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WIPP Team Achieves Halfway Mark for Utility Shaft Sinking

Image from above of the utility shaft

CARLSBAD, N.M. – Progress continues on the new Utility Shaft at EM’s Waste Isolation Pilot Plant (WIPP) as shaft-sinking crews recently surpassed the midway point at 1,076-feet deep.

“The Utility Shaft or Shaft #5 is of great importance to WIPP and our ability to continue the Department’s critical national mission of safely disposing defense transuranic waste,” said Acting Carlsbad Field Office Manager Mark Bollinger. “When completed, this shaft will be part of the new permanent ventilation system that will allow us to provide critical airflow to the underground workforce.”

When completed, the full shaft depth will be 2,275 feet, with the team now halfway to the WIPP repository depth of 2,150 feet.

Workers completed the construction of concrete liner in the shaft to a depth of 873 feet in January 2023. The team is currently performing shaft excavation activities of drilling, blasting, mucking, geological mapping, and the installation of ground support. These activities will be repeated until the station depth is reached at 2,150 feet.

The new shaft and a permanent ventilation system known as the Safety Significant Confinement Ventilation System (SSCVS) are part of a capital investment in upgrading WIPP’s infrastructure so the facility can operate safely and compliantly for decades to come. When finished, the SSCVS will triple the airflow to the WIPP underground from the current 170,000 cubic feet per minute (cfm) of filtered ventilation to as much as 540,000 cfm.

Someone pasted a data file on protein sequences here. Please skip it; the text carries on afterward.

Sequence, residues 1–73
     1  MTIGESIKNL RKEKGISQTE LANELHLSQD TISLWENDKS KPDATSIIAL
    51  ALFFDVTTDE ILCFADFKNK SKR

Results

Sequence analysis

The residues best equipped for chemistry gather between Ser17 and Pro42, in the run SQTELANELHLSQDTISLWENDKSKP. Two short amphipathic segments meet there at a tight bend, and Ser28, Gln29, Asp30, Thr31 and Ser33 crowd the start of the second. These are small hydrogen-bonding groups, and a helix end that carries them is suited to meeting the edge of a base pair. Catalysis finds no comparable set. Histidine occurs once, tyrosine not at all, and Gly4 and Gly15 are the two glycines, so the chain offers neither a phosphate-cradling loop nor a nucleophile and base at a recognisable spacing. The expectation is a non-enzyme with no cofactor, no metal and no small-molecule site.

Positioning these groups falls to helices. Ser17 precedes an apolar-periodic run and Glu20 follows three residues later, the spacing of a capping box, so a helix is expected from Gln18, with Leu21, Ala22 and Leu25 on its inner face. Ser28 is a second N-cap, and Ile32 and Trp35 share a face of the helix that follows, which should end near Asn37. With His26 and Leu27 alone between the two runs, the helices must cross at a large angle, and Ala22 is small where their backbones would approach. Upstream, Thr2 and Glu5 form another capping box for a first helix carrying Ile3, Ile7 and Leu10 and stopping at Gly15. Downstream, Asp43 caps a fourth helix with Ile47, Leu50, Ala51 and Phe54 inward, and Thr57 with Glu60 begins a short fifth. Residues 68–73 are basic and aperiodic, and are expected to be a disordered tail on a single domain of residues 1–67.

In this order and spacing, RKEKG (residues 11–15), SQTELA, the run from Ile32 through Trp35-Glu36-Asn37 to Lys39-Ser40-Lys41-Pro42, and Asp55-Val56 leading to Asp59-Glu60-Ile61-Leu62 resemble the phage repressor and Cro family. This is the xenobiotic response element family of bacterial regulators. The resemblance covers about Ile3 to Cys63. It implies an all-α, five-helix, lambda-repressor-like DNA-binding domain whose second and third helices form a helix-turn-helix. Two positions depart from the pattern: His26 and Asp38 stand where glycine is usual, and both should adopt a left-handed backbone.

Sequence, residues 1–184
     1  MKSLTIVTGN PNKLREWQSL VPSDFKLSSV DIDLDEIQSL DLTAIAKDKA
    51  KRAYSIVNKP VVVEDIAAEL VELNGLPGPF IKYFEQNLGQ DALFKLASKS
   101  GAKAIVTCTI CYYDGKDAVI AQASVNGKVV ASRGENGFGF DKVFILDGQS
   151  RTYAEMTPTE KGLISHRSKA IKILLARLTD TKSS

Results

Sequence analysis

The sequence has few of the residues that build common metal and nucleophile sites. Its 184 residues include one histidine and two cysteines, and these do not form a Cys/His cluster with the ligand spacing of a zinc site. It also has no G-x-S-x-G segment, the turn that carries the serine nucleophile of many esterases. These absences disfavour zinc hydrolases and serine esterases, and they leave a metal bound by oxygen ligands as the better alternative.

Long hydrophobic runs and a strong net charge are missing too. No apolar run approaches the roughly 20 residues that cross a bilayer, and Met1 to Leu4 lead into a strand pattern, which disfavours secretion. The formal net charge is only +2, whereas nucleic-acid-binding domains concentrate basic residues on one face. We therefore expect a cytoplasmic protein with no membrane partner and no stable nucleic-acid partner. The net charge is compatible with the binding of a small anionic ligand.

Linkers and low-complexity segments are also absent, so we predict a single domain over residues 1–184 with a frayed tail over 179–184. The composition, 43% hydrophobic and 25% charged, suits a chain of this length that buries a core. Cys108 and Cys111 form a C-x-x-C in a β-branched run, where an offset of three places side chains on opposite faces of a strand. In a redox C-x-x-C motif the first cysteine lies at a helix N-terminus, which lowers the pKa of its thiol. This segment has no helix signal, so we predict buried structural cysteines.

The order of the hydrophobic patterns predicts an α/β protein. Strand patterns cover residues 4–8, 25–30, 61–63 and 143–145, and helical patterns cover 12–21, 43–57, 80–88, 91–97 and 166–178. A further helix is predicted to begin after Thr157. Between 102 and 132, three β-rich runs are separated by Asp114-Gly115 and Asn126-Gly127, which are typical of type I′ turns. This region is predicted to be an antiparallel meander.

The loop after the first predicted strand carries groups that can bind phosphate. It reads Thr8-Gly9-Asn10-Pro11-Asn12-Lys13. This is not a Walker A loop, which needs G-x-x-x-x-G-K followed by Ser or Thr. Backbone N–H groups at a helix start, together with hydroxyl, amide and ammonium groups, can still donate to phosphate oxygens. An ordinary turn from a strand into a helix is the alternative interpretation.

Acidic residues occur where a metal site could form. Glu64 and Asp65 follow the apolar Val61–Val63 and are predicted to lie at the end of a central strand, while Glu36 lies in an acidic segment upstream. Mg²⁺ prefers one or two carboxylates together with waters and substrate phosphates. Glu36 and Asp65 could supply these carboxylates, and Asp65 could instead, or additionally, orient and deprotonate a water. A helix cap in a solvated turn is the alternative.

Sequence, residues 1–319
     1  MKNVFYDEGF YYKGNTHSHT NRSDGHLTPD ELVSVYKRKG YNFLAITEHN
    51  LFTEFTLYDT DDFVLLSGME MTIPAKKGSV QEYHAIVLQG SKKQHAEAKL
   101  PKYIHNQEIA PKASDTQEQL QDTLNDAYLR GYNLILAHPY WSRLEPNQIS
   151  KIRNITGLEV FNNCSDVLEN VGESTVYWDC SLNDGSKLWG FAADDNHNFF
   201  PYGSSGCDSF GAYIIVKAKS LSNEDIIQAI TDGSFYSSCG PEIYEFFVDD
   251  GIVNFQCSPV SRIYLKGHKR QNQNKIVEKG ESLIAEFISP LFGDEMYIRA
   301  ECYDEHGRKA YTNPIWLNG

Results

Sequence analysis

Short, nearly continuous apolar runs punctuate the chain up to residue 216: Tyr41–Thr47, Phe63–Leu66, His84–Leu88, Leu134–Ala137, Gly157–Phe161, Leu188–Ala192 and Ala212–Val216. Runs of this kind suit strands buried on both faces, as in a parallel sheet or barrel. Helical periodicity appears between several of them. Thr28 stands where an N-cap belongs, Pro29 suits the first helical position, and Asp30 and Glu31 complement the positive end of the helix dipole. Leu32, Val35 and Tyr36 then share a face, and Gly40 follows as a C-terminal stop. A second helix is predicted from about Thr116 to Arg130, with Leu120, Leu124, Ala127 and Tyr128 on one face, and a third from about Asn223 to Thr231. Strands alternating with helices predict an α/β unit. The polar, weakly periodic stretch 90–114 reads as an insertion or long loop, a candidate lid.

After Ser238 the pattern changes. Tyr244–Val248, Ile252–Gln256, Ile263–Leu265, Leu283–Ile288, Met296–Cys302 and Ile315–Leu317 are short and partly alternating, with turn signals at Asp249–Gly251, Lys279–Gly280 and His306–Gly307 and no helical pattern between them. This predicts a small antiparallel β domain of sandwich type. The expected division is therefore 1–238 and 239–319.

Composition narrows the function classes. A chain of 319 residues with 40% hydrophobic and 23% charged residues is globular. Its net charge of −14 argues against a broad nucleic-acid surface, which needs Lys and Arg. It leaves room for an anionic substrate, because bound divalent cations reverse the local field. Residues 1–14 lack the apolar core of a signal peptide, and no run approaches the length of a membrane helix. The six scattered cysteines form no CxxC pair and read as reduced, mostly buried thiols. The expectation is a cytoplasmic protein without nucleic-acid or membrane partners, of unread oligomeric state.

“It’s exciting to see the progress that is being made,” said Ken Harrawood, program manager for Salado Isolation Mining Constructors (SIMCO), WIPP’s management and operations contractor. “It cannot be understated the importance of the work that is being done to complete the Utility Shaft. I can’t say enough about how well our subcontractor is performing.”

Distant shot of the utility shaft

The blasting and excavation occurs around the clock. Workers drill holes and set explosive charges in half of the shaft circle. Rubble from the subsequent explosion is scooped by remote-controlled mechanical clamshells on the bottom of a cylindrical three deck work stage known as the Galloway hangs in the shaft. The mechanical clamshells dump the rubble into buckets that are raised through bucket wells in the Galloway to the surface. The muck (rubble) is dumped into chutes and onto a concrete pad where a front-end loader scoops it into a waiting truck to be hauled away.

When completed, the new Utility Shaft will be WIPP’s largest shaft at 26 feet in diameter with two 3000-foot drifts being excavated at the 2,150-foot level to align with the rest of the WIPP underground.